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NBA Draft Profile: Daishen Nix

Daishen Nix is a natural point guard that received a plethora of experience inside the G League Bubble.

2021 NBA Draft Combine Photo by Jeff Haynes/NBAE via Getty Images

The 2020-21 regular season is in the books for the Trail Blazers and the 2021 NBA Draft is quickly approaching. For the first time since 2016, the Blazers are set to enter draft night without a selection. However, that doesn’t mean that President of Basketball Operations Neil Olshey will sit on the sidelines during the process.

Today’s profile looks at 19-year-old point guard Daishen Nix. Listed as the No. 21 recruit in ESPN’s 2020 class, Nix decided to take his talent to the G League last season. Under coach Brian Shaw’s guidance on the Ignite squad, Nix performed well as a lead guard.

Daishen Nix

  • Height: 6’4”
  • WT: 225
  • Wingspan: 6’7”
  • Shooting Hand: Right
  • Position: PG
  • Age: 19
  • Projected draft range: 50-60

2020-21 Statistics

  • PTS: 8.8 | Per 36: 11.9
  • REB: 5.3 | Per 36: 7.2
  • STL: 1.0 | Per 36: 1.4
  • AST: 5.3 | Per 36: 7.1
  • FG%: 38.4
  • 3P%: 17.6
  • FT%: 71.4


Nix’s upside is tied to his youth, size and court vision. Utilizing a head-up approach, Nix is a maestro in halfcourt sets and transition opportunities. Buoyed by his 6-foot-4 frame, Nix is constantly looking for avenues to get his teammates open. When moving downhill, Nix is comfortable handling the ball with either hand. His passes are consistently in front of the defense and he routinely makes the correct pass out of pick-and-roll sets. Outside of traditional looks, Nix is a skilled lob passer.

When Nix looks for his own shot, he excels at imposing his will with his body. Once in position, he is comfortable finishing through contact.

On the defensive end, Nix’s court vision comes to the surface. Thanks to his favorable length and instincts, he is a threat to invade passing lanes. His NBA-ready body should allow him to anchor himself against bigger players when mismatches occur. In the post, Nix is not afraid to mix it up with post players when hunting for a rebound.


A lack of outside shooting places a firm cap on Nix’s draft stock. On offense, Nix has not shown that he has the ability to consistently knock down catch-and-shoot opportunities. When creating for himself, the Alaska native too often drifts into low-percentage shots in midrange areas.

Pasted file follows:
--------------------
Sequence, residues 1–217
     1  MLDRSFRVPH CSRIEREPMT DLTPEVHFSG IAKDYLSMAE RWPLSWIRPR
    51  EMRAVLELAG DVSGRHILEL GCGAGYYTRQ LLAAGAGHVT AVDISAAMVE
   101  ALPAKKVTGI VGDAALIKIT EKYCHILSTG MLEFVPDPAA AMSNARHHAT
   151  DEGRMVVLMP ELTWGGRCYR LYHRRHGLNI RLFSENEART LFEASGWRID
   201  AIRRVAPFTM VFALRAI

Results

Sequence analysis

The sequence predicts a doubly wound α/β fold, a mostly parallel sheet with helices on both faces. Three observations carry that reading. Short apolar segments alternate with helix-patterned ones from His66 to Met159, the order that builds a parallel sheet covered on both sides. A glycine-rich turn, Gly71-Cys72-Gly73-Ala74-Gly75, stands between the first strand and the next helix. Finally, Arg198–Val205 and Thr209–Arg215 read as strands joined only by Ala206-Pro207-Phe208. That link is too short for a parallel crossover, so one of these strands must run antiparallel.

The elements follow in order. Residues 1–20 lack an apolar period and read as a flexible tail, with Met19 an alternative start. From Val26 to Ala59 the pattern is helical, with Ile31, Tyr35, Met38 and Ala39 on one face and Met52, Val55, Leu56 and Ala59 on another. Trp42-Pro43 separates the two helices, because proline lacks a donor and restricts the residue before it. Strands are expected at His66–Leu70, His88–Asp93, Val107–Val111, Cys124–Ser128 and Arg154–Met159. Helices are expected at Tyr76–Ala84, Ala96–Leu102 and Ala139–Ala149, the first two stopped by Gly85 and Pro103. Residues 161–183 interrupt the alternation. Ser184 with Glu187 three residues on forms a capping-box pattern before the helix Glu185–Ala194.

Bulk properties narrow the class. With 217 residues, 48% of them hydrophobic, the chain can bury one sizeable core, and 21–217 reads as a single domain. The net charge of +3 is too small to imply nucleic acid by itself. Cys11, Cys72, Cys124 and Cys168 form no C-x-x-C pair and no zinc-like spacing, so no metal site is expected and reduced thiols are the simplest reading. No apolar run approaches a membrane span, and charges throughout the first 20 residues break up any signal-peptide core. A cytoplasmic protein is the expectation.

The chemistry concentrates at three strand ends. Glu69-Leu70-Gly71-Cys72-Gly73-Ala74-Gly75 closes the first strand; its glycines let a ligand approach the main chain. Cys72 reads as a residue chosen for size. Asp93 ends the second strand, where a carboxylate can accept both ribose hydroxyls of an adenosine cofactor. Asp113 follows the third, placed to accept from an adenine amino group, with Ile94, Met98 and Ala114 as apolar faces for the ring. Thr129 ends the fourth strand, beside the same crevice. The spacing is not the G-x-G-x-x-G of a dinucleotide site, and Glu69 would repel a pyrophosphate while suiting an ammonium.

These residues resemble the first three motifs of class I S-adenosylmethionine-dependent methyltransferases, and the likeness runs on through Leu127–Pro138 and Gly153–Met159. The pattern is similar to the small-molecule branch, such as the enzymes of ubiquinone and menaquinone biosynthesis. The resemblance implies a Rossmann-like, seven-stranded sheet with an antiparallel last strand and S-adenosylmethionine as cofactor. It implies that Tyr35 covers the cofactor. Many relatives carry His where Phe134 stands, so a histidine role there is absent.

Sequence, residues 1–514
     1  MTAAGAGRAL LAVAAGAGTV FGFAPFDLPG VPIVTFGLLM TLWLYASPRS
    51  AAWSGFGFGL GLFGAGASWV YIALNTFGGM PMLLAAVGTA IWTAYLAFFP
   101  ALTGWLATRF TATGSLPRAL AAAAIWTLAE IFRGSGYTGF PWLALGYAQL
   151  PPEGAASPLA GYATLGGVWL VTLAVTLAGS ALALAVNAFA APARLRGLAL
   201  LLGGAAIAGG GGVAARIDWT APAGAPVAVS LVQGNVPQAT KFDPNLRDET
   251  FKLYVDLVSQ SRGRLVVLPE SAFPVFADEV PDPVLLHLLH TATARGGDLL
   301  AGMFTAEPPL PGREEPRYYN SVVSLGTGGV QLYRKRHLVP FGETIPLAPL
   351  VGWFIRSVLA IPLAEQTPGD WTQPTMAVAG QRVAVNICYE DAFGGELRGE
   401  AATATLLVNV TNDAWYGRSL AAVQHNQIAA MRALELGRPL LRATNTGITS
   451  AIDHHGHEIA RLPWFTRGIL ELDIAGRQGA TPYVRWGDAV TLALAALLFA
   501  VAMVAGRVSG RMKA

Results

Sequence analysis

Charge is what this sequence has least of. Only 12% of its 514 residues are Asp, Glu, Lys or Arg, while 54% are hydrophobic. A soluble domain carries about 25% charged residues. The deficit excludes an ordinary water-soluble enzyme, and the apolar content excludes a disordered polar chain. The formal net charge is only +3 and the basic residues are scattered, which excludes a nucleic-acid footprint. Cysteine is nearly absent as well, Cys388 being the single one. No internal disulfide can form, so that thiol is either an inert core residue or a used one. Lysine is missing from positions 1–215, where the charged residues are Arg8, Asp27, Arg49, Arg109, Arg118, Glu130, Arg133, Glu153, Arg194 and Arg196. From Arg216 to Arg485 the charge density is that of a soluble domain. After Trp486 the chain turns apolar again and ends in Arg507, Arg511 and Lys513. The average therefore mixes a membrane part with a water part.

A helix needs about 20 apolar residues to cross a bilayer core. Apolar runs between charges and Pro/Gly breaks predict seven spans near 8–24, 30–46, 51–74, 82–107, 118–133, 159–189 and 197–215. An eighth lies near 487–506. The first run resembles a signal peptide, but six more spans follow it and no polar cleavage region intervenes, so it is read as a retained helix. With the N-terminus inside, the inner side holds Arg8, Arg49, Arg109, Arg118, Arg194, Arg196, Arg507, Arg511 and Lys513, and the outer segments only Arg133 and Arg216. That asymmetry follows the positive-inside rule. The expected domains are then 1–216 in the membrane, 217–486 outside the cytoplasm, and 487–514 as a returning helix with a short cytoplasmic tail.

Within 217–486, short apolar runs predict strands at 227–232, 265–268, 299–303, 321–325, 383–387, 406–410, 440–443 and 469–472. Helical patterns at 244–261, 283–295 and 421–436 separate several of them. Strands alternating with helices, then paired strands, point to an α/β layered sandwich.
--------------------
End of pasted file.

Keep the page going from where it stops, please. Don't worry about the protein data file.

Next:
Off the dribble, Nix lacks an explosive first step. Due to his size, Nix mitigates his lack of burst by overpowering smaller defenders. In the NBA, that approach will lose its effectiveness. In the paint, he is a below-the-rim finisher.

It should be noted that Nix has focused on his three-point shooting and his weight since the G League season ended.

2020-21 Season

Nix de-committed from UCLA to join the G League’s upstart Ignite squad. In 15 non-playoff appearances, Nix averaged 26.5 minutes per game. Coach Shaw made it a point to pair Nix with veteran guard Jarrett Jack in crucial moments. The idea: sharpen Nix’s already-promising skills as a floor general. In his lone postseason outing, Nix recorded 11 points and three assists in 29 minutes.

Overall Assessment

The strengths and concerns surrounding Nix are a lower-stakes version of the critiques that surrounded LaMelo Ball last year. Nix is a gifted passer and he maximizes that skill with his stellar feel for the game. The biggest issue is his lack of shooting. Modern point guards are often asked to create for themselves and keep opponents honest with three-point shooting. Nix is just 19, so there is room for growth on that front. But he has a steep hill to climb.

Shooting concerns aside, Nix has the skills and potential to develop into a solid third guard. He can provide a spark in transition, undertake physical perimeter matchups and keep the ball moving when the second unit is on the floor.

Overall Fit

The Blazers could be moving in a direction that features more ball movement and defense from their guard rotation. Nix will take time to develop, but he definitely fits the bill in both of those avenues. Along with his skillset, the former Ignite guard would bolster Portland’s size in the backcourt. Of course, what Nix does on offense when he doesn’t have the ball in his hands is a noteworthy concern.

Nix is only a year removed from being a coveted college prospect. That upside and potential could pique Olshey’s interest. For the right price, Nix is a decent upside option in the second round.